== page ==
(A) The primitive first BZ of Ta3S2 showing the k-space location of the Weyl points in the absence of SOC. The black and white circles represent Weyl points with opposite chirality. On the kx = 0 plane, represented in tan, we observe two pairs of Weyl nodes with chiral charge ± 1. Only one pair of Weyl nodes is an irreducible representation. The line node on the ky = 0 plane that corresponds to the crossing along the Γ-X-Z-X1 direction is shown in blue. (B) Same as (A) but after the incorporation of SOC. Each Weyl node splits into two spinful Weyl nodes of the same chirality and moves into the bulk. Therefore, we observe eight Weyl nodes in a single BZ. (C) The energy dispersion along the three momentum space directions of the Weyl node in the absence of SOC. (D) Same as (C) but with the addition of SOC. From this series of energy dispersion cuts along the three momentum space directions around the Weyl point, its type II character is revealed (that is, observe along ky that both crossing bands have the same sign of velocity along one momentum direction). Furthermore, observe that the Weyl nodes also move deeper in binding energy, ≈ −10 meV.

  • Fig. 4 Fermi arcs in Ta3S2.

    (A) Surface state spectrum for the (Embedded Image) surface of Ta3S2 at constant energy. The surface states are shown in yellow. A finite amount of projected bulk Fermi surfaces is observed because of the type II character of the Weyl nodes. The projected Weyl nodes are denoted by black and white circles. (B) Energy dispersion cut along Cut1 (red dashed line) for a pair of projected Weyl nodes around Embedded Image in (A). As a guide, the red dashed line represents the energy level of the Weyl node (E W1 ≈ −10 meV). The left panel shows two surface states (blue curves) emerging from box 1 and three entering box 2. The top-rightmost panel is zoomed into box 1 and shows a touching point, which defines the Weyl node as type II and two Fermi arc surface states that are labeled α and β. The β Fermi arc surface state terminates onto the Weyl node. The bottom-rightmost panel is similar to the top-rightmost panel. Here, we observe three Fermi arc surface states, α, β, and γ. Again, the β Fermi arc surface state is observed to terminate onto the Weyl node. (C) Same as (A) but with the projected bulk bands represented by shaded areas. The Fermi arc surface states connecting pairs of projected Weyl nodes are distinguishable from the remaining trivial surface states. (D) Zoom-in of the surface states around the projected Weyl nodes near Embedded Image. Shown, among other things, are eight projected Weyl nodes. Single Fermi arc surface states, β, are shown to connect two individual pairs of Weyl nodes, which is consistent with the predicted ± 1 chiral charge for each Weyl node. The α and γ Fermi arc surface states described in (B) are also labeled. (E) Cartoon illustration of (D) showing a possible Fermi arc linking scheme. The exact connectivity pattern of Fermi arcs with Weyl nodes depends on the surface conditions.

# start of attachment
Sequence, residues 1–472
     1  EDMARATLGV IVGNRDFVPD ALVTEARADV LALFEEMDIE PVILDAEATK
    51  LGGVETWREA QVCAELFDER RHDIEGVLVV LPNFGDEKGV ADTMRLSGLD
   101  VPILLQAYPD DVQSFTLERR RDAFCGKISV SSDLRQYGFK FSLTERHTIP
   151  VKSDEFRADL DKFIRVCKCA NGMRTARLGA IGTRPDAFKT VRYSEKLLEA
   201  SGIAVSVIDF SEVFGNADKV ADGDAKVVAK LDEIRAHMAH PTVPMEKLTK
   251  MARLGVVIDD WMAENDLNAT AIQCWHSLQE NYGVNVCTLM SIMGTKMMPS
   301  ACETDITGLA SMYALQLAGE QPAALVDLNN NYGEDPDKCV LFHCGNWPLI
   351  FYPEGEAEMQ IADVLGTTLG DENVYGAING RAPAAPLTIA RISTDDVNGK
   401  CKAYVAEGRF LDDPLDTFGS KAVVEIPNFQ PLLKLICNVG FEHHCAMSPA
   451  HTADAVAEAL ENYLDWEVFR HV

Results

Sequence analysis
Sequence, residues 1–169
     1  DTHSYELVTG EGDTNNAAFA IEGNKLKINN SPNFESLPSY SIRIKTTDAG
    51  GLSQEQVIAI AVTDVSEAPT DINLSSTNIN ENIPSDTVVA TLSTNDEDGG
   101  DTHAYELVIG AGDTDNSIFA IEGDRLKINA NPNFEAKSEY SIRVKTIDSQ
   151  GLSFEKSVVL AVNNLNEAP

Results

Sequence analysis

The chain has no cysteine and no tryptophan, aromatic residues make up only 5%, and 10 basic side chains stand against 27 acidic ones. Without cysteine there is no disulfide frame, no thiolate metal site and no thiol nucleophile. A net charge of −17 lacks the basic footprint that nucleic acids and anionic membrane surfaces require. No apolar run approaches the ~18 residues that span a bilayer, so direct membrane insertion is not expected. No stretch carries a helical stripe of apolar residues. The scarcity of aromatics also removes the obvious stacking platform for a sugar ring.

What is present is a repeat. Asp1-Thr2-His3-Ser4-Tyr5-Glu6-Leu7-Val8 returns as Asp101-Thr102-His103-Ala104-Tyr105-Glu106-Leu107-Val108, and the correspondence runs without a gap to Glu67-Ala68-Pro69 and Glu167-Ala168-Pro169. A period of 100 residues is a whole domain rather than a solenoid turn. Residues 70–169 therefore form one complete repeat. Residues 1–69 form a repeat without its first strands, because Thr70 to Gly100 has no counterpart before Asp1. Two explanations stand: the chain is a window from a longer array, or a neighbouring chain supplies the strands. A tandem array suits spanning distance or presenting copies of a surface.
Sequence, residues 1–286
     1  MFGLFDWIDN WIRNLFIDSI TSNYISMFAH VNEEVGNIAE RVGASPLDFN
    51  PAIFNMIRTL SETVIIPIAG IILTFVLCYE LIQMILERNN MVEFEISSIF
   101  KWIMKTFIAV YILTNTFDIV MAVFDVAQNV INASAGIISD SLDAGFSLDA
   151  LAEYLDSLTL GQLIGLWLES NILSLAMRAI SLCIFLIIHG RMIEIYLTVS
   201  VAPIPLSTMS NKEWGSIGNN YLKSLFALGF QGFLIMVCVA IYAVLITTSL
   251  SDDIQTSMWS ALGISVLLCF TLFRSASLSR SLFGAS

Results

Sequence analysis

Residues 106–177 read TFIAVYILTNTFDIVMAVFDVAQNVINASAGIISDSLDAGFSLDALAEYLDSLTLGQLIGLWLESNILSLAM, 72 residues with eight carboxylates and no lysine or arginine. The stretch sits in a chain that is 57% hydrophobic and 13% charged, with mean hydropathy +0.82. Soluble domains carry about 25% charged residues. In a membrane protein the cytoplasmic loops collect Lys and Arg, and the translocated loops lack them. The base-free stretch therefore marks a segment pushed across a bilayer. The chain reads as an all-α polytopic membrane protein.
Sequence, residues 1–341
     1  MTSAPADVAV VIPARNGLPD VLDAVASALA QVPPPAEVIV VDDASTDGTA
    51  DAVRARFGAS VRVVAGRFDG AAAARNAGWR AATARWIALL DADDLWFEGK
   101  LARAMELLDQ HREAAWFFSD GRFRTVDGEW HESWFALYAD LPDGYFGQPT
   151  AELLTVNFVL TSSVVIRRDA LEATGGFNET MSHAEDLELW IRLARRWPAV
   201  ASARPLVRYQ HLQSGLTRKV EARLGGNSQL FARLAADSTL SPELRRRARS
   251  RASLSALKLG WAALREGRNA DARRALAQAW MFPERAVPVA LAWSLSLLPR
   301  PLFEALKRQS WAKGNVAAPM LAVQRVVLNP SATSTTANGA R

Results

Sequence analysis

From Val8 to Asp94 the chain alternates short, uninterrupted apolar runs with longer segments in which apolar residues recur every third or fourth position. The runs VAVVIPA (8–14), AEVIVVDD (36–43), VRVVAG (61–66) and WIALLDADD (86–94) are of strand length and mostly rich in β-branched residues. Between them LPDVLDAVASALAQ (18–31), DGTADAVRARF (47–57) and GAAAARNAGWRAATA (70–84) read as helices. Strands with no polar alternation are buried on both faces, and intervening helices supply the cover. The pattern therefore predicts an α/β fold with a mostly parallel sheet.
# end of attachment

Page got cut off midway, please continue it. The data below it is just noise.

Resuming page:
• Fig. 5 Topological metal-to-insulator transition and tunabilities.